People with allergies may also be more likely to develop skin lesions related to their allergy. People diagnosed with an autoimmune disease such as psoriasis will continue to be at risk for skin lesions throughout their lives.

In order to diagnose a skin lesion, a dermatologist or doctor will conduct a full physical exam. This will include observing the skin lesion and asking for a full account of all symptoms. To confirm a diagnosis, they make take skin samples, perform a biopsy of the affected area, or take a swab from the lesion to send to a lab.

Treatment is based on the underlying cause or causes of skin lesions. A doctor will take into account the type of lesion, personal health history, and any treatments previously attempted.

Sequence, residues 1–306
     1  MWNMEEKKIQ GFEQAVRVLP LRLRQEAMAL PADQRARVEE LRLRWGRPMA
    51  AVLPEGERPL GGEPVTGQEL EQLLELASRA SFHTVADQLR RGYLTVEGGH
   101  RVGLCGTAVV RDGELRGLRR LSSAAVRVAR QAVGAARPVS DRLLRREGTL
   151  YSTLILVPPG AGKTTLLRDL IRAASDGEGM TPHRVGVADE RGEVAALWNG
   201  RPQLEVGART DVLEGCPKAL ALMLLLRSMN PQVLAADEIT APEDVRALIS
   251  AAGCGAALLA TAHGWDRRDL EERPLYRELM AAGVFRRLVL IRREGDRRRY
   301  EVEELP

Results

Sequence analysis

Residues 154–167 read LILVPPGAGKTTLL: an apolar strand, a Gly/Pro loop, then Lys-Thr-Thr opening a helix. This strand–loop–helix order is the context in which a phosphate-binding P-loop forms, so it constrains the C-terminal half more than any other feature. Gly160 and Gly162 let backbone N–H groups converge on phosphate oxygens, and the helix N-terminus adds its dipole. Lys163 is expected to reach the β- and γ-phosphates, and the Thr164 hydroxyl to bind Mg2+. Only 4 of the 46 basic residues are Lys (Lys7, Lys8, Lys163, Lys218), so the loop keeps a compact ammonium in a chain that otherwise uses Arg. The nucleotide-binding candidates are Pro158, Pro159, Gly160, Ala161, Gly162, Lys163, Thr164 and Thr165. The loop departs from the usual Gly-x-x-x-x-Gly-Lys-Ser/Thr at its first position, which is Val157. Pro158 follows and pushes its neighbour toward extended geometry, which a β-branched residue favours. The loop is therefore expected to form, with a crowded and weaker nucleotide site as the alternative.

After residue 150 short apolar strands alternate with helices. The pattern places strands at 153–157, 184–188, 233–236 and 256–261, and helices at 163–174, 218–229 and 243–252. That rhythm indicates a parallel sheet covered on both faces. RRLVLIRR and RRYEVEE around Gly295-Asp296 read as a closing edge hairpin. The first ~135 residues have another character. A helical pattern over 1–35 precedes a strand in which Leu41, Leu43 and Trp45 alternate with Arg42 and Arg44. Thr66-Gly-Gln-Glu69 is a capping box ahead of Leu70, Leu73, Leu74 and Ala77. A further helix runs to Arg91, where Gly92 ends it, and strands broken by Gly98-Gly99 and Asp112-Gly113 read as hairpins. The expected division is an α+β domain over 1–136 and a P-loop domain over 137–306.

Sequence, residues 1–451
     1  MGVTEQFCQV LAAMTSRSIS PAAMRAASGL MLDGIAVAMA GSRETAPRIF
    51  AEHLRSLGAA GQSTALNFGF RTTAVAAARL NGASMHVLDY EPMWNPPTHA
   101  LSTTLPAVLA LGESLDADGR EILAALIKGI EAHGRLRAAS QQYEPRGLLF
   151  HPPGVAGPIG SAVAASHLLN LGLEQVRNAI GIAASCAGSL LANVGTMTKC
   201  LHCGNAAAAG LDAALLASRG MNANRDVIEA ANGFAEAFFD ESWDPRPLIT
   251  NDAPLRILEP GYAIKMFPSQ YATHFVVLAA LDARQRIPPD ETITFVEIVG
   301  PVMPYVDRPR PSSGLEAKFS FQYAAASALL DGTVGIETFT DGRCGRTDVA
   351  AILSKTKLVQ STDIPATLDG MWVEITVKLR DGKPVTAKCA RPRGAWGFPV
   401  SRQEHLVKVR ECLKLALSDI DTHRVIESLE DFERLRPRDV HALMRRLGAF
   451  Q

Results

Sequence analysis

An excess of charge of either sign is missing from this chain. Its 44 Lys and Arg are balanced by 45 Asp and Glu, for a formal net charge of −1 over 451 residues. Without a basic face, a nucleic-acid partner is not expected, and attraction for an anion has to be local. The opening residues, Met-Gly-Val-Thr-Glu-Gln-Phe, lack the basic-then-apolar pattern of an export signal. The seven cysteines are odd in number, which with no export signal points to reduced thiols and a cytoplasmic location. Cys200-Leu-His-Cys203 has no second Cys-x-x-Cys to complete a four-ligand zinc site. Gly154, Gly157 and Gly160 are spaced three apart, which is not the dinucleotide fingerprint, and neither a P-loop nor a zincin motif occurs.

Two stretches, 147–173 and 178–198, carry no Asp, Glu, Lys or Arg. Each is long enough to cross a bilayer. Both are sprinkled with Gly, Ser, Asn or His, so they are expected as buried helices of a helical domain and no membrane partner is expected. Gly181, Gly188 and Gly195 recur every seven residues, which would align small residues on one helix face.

First-line treatments are often topical medications to help treat the inflammation and protect the affected area. Topical medication can also provide mild symptom relief to stop pain, itching, or burning caused by the skin lesion.

If your skin lesions are the result of a systemic infection, such as shingles or chickenpox, you may be prescribed oral medications to help ease the symptoms of the disease, including skin lesions.


Skin lesions that are infected are typically lanced and drained to provide treatment and relief. Suspicious-looking moles that have been changing over time may need to be removed surgically.

A type of vascular birthmark called hemangioma results from malformed blood vessels. Laser surgery is often used to remove this type of birthmark.

Home care

Some skin lesions are very itchy and uncomfortable, and you may be interested in home remedies for relief.

Oatmeal baths or lotions can provide relief from itching or burning caused by certain skin lesions. If chafing is causing contact dermatitis in places where the skin rubs against itself or a piece of clothing, absorbent powders or protective balms can reduce friction and prevent additional skin lesions from developing.